What is the best audio format?
There are so many audio formats for a reason. Musicians, record labels, DJs, and online distributors, all have different needs. There isn’t one audio format to consider as the best. You must choose the one that fills your expectations on fidelity, metadata support, and space storage. What you should really be asking is “what is the right audio format for me?”.
What is the right audio format?
For choosing the right audio format, you will have to consider three factors. Sound Quality, Metadata Support, and File Size. If you cannot sacrifice high fidelity, lossless files are for you. If you are planning to save thousands of songs, then compressed files are unavoidable.
WAV VS AIF
The WAV is definitely a more recognizable format than Apple’s alternative. Both audio formats read PCM data and you cannot tell them apart somehow. With AIFF format however you have more options to store information about your audio file.
FLAC VS ALAC
The main difference between FLAC and ALAC is that the first one is for Windows users and the second for iOS devices. ALAC is also able to reproduce a maximum sample rate up to 384kHz, while FLAC is up to 192 kHz.
FLAC VS MP3
If you want to get the best sound quality from your audio file, then FLAC is definitely the option to go. If on the other hand, you want to store a lot of files without a significant sound shortage then 320 kbps MP3 files are the best alternative.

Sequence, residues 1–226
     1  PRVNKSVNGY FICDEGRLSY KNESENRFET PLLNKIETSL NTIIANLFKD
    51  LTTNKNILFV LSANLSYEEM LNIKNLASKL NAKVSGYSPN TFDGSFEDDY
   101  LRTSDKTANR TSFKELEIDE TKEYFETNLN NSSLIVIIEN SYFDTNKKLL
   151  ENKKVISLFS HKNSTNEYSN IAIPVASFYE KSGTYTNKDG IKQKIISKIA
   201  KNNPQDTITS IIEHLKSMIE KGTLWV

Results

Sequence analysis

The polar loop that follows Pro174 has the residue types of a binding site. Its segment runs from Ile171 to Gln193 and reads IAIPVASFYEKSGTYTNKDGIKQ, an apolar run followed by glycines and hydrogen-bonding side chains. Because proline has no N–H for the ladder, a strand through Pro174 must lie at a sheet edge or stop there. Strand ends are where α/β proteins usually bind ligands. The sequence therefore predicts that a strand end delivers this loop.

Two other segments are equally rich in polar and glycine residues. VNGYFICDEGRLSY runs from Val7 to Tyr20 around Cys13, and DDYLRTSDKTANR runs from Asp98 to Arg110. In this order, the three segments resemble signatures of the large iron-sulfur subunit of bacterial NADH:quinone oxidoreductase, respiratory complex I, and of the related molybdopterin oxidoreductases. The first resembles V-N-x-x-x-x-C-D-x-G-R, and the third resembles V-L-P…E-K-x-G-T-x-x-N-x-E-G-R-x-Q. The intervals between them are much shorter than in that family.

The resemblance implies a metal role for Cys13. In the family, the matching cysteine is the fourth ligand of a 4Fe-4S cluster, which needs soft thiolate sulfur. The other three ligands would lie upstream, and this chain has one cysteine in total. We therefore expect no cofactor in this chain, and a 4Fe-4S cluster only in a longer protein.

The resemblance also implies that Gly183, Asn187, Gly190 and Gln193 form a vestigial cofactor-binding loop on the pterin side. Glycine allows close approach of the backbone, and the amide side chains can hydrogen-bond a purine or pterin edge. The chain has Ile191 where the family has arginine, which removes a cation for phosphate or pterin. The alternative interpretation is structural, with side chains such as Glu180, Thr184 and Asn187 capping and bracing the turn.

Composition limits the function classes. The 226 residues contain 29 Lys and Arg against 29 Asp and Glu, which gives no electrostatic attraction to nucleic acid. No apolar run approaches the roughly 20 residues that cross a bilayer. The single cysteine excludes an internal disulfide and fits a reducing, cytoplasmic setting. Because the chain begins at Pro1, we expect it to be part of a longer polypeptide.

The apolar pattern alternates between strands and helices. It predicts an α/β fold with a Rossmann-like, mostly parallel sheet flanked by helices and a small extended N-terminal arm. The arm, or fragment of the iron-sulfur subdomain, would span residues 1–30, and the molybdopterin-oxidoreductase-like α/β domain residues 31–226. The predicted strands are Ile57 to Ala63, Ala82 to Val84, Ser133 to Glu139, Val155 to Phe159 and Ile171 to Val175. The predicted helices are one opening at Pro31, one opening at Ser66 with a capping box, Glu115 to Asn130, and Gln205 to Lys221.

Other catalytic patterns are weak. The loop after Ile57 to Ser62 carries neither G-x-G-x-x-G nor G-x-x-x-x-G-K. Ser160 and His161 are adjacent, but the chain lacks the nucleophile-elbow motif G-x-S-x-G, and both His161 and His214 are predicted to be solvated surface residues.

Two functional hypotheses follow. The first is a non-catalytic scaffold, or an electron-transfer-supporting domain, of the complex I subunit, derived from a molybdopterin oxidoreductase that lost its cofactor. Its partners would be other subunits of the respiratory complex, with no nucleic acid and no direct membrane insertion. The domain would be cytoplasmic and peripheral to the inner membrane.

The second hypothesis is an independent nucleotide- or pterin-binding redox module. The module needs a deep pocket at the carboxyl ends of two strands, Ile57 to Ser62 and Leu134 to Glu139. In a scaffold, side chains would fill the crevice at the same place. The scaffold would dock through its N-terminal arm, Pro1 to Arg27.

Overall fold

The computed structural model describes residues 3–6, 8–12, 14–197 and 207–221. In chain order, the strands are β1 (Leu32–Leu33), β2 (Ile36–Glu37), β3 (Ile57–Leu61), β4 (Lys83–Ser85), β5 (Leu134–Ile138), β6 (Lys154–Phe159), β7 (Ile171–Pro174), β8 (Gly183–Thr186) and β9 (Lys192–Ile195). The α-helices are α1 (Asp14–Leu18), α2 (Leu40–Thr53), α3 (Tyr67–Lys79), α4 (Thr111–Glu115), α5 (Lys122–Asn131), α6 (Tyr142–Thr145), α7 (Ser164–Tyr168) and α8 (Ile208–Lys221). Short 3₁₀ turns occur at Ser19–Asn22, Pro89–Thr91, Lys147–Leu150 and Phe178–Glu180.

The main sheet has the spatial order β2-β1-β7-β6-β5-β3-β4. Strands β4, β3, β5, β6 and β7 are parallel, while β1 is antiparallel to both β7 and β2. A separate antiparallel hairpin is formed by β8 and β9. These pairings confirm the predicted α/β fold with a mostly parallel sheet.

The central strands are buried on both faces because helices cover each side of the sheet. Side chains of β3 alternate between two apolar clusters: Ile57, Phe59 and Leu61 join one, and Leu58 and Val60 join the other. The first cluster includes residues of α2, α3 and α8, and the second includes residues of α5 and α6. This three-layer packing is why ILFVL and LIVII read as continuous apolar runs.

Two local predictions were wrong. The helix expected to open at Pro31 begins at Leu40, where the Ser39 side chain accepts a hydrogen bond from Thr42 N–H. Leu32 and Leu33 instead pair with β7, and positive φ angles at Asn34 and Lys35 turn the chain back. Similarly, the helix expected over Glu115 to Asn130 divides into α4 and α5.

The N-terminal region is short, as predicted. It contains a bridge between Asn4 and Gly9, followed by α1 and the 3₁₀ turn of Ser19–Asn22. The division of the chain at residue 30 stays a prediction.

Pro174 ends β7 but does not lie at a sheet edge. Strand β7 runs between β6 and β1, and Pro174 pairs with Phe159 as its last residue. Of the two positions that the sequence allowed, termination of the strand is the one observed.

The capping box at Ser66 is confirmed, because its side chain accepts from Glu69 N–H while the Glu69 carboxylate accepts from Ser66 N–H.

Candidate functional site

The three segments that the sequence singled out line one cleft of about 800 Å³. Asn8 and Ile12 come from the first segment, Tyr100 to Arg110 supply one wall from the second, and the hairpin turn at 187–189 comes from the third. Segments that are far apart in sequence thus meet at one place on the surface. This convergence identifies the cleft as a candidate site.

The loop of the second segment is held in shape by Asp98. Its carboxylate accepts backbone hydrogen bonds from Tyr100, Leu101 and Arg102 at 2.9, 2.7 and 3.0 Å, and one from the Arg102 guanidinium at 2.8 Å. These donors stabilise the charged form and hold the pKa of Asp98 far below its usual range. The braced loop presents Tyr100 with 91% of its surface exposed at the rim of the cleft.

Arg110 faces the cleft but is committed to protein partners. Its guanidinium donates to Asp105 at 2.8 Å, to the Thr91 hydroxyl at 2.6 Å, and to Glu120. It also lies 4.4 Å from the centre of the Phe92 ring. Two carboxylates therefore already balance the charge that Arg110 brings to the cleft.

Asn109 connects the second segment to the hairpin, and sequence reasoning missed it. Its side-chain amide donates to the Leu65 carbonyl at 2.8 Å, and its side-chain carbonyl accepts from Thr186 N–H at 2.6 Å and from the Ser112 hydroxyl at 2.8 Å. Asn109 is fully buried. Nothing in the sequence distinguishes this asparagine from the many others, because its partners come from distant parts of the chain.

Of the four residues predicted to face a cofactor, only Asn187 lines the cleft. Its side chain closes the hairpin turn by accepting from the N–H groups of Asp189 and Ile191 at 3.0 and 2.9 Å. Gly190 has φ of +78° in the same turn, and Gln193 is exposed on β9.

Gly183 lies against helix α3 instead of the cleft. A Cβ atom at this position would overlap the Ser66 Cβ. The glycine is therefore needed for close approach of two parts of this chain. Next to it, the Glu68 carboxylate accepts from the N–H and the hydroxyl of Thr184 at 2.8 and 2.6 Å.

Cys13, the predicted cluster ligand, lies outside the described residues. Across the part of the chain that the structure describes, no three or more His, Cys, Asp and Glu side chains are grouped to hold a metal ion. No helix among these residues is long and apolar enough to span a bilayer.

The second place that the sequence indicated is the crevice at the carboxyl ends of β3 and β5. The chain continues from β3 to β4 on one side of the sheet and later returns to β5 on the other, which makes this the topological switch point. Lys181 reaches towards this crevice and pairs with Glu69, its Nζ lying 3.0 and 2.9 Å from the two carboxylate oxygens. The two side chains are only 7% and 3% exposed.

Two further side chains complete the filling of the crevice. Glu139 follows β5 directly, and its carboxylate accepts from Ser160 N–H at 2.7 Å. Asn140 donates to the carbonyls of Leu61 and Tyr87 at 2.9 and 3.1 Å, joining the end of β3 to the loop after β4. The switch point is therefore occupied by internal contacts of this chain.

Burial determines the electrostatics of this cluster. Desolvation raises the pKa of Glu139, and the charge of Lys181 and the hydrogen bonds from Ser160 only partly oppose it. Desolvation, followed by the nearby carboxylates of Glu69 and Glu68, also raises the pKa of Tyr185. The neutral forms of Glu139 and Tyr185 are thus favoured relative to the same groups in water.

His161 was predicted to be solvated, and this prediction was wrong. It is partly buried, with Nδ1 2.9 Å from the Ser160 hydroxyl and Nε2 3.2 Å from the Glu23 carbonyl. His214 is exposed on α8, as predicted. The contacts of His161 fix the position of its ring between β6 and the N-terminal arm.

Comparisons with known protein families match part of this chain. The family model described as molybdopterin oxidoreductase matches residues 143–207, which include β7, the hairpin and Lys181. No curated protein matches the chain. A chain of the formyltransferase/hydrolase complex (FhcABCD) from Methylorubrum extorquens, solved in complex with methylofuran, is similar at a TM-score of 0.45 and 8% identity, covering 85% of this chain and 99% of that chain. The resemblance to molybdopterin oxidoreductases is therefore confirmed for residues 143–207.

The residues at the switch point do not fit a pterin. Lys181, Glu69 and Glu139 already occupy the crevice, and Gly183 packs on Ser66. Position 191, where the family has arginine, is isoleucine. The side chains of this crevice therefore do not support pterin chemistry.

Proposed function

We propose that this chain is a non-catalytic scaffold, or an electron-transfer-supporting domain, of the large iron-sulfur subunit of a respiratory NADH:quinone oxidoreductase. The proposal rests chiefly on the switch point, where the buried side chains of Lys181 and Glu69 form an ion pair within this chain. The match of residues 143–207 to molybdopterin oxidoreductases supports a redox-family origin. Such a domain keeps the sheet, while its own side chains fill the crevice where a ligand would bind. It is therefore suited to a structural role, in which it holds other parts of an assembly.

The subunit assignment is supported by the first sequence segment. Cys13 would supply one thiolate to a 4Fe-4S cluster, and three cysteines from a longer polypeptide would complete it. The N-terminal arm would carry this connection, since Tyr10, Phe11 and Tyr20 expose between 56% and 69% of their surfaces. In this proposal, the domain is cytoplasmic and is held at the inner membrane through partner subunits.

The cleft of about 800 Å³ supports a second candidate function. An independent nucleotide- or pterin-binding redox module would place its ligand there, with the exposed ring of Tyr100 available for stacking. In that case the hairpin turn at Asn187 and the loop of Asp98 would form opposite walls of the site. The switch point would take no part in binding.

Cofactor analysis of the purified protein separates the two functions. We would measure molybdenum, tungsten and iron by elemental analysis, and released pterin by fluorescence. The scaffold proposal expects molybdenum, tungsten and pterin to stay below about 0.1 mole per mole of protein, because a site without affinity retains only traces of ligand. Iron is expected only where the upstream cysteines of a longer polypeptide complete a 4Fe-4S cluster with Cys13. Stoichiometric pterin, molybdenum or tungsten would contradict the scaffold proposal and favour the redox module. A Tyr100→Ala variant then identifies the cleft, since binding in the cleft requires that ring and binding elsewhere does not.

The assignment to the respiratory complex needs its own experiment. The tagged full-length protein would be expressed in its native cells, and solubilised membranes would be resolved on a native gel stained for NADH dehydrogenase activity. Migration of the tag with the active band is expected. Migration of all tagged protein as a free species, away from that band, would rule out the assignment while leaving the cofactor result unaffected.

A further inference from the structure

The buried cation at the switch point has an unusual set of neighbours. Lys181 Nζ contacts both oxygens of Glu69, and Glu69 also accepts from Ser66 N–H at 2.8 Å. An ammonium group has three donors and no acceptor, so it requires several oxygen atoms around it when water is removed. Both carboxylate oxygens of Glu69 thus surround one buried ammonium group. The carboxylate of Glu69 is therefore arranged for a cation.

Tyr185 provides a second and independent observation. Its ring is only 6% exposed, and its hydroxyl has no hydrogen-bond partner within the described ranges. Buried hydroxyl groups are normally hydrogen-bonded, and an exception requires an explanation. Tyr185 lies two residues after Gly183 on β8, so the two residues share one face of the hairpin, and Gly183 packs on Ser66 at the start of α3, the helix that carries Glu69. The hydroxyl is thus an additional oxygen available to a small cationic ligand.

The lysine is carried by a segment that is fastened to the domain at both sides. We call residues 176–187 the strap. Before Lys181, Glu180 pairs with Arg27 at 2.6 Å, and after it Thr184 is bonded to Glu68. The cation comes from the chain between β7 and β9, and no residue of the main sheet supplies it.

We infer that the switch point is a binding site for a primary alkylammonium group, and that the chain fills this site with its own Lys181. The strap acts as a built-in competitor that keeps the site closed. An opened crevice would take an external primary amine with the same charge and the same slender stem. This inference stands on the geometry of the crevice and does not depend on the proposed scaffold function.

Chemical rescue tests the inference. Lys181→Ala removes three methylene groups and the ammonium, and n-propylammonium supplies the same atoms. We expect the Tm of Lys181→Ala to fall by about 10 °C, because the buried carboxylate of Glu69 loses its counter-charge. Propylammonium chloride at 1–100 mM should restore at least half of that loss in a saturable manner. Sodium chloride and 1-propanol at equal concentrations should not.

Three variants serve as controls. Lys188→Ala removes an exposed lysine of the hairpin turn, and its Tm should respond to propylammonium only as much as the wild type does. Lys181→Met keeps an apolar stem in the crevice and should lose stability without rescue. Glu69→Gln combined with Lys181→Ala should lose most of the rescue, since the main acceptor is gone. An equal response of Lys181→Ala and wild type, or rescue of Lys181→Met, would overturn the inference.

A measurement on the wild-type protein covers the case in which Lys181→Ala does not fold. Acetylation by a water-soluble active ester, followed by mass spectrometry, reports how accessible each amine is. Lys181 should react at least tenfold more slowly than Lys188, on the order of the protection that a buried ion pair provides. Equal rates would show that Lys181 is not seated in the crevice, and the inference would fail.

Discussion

What is the best audio format for DJs, producers, audiophiles, and distributors?
- DJs: MP3 or AAC compressed lossy files. As a DJ you must have a wide range of music genres and large libraries. Having thousands of songs saved on your laptop, PC or hard drive will take a lot of storage. A 5-minute lossless audio file has an approximate size of 40MB. Compared to the 5MB that will be an MP3 or AAC file is a big win in the long run.
- Music Producers / Composers: WAV and AIF Uncompressed files. Working with uncompressed lossless audio files is one-way for audio engineers and music producers.
- Audiophiles: FLAC, ALAC, WMA Compressed Lossless files. If you have good audio equipment you should probably go for lossless audio files to combine sound quality and space-saving.
- Distributors: WAV, AIF Uncompressed files or FLAC ALAC, WMA Lossless files. You will probably have to work with most audio formats that are available right now. Each online platform such as Spotify, Beatport, or iTunes supports different formats. Ideally, take the uncompressed versions from the music producers or sound engineers and convert them to any format necessary.
Sample Rate & Bit Depth
If you have some experience in music you have probably heard of sample rate and bit depth. You have definitely seen it on many recording and audio devices, such as audio interfaces and studio microphones, but maybe you don’t know exactly what they mean.